Second generation uPVC windows offer some significant advantages compared with their first generation predecessors. Widely recognised benefits include improved security, reduced heat loss and better fuel economy, as well as increased durability. However, many social landlords are deterred from upgrading their window assets due to the perceived costs. For Housing Associations with 30,000 or more housing units, the prospect of an upgrade can be intimidating when faced with tightened maintenance budgets.
In this article, we’ll try to present an argument to prove that upgrading your window stock from 1st to 2nd generation uPVC is good, not only for your residents, but a cost-effective move for your organisation as well.
What upgrading means for you
Let’s start by defining what upgrading means and, crucially, what it doesn’t. The dictionary defines upgrading as…
“To raise (something) to a higher standard, in particular to improve (equipment or machinery) by adding or replacing components.”
So, upgrading your Windows does not mean taking them all out and replacing the whole window. For instance, carrying out an upgrade does not mean that the existing UPVC framing needs to be replaced and thrown away. It is possible to upgrade all existing components of a UPVC window without removing the uPVC frame. It is simply a matter of replacing certain window components. The glazing, hardware (handles, hinges, locking mechanisms, restrictors) and rubber gaskets can be replaced by specialists easily with modern equivalents.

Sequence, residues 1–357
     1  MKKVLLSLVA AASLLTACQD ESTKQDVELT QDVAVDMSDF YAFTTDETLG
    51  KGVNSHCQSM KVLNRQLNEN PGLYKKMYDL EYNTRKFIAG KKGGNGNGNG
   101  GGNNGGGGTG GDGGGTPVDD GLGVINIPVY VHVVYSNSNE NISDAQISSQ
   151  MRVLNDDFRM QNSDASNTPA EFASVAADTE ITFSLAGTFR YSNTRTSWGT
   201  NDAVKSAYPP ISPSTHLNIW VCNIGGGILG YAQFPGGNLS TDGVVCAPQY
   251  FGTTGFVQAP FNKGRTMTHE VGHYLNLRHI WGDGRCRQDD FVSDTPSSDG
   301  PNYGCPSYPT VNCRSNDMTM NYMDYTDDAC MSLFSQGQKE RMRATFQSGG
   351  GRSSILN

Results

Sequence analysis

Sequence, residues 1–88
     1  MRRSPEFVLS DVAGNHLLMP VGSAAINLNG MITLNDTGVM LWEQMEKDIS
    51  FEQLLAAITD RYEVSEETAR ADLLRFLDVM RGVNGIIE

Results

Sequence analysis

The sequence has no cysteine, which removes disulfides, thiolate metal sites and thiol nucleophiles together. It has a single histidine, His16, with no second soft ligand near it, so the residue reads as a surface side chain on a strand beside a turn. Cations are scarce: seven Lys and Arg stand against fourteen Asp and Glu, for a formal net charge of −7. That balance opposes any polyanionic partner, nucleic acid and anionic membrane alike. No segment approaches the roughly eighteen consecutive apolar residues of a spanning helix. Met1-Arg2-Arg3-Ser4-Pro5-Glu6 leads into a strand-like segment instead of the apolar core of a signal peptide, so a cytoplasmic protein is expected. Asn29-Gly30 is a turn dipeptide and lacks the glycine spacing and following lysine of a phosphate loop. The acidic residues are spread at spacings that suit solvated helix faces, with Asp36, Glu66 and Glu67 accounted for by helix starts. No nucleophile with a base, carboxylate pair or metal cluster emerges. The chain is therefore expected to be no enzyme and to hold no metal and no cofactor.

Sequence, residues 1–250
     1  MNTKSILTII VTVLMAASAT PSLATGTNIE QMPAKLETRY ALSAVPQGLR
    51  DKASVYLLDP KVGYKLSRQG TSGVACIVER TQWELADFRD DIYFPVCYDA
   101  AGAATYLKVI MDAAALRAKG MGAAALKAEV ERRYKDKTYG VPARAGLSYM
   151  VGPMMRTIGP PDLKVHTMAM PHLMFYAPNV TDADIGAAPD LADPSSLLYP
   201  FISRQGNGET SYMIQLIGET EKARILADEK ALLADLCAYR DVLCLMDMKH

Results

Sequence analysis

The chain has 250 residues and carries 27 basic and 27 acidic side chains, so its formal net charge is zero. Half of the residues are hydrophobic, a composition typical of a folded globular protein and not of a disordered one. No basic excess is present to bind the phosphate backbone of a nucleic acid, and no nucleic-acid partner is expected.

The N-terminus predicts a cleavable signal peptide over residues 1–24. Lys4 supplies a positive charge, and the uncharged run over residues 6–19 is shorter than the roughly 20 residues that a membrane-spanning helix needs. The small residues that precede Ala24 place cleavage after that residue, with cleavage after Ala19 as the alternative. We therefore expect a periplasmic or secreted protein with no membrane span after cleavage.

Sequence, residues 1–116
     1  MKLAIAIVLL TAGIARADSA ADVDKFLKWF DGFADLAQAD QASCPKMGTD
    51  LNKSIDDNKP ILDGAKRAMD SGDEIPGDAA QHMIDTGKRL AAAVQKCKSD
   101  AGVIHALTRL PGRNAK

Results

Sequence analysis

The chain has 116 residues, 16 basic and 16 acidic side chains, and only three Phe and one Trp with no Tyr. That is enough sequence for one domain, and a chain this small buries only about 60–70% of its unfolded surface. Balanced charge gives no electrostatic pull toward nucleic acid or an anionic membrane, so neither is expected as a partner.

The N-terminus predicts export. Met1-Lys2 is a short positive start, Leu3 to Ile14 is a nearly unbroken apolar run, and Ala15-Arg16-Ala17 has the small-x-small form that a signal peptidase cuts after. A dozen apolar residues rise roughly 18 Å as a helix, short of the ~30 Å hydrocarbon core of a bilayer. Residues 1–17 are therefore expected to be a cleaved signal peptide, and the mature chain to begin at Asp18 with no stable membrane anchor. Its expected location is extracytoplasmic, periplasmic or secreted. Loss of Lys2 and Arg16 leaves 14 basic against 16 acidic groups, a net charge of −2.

There is a clear financial incentive for social landlords to regularly upgrade their window stock. Most social landlords give uPVC windows a life expectancy (lifecycle) of 25-30 years, but it is the components that break down before this time, mainly due to a lack of maintenance, wear and tear and misuse. Double-glazed window units, for instance, typically only have a lifecycle of ten years and most manufacturers will only guarantee five. Therefore, to get the full value out of the projected lifecycle of a window, components need to be upgraded on a regular basis. This aids financial planning and prevents unexpected costs due to having to replace the complete window prematurely before the end of the lifecycle.
Why Residents Deserve an Upgrade
For social housing residents, many of whom are vulnerable or living on limited means, a window upgrade is a practical and an affordable way of improving their quality of life. Around 2.6 million social dwellings in the UK underwent uPVC window and door replacement programmes before 2002 (when the building regulations changed) and typically offer a G Window Energy Rating (WER). By modern standards this is extremely inefficient.
New double glazing in private houses can often provide an A, or A++ energy rating, with the minimum expected standard being C. This means that residents with the least means of affording high energy bills are being burdened with unnecessary energy costs due to inefficient windows.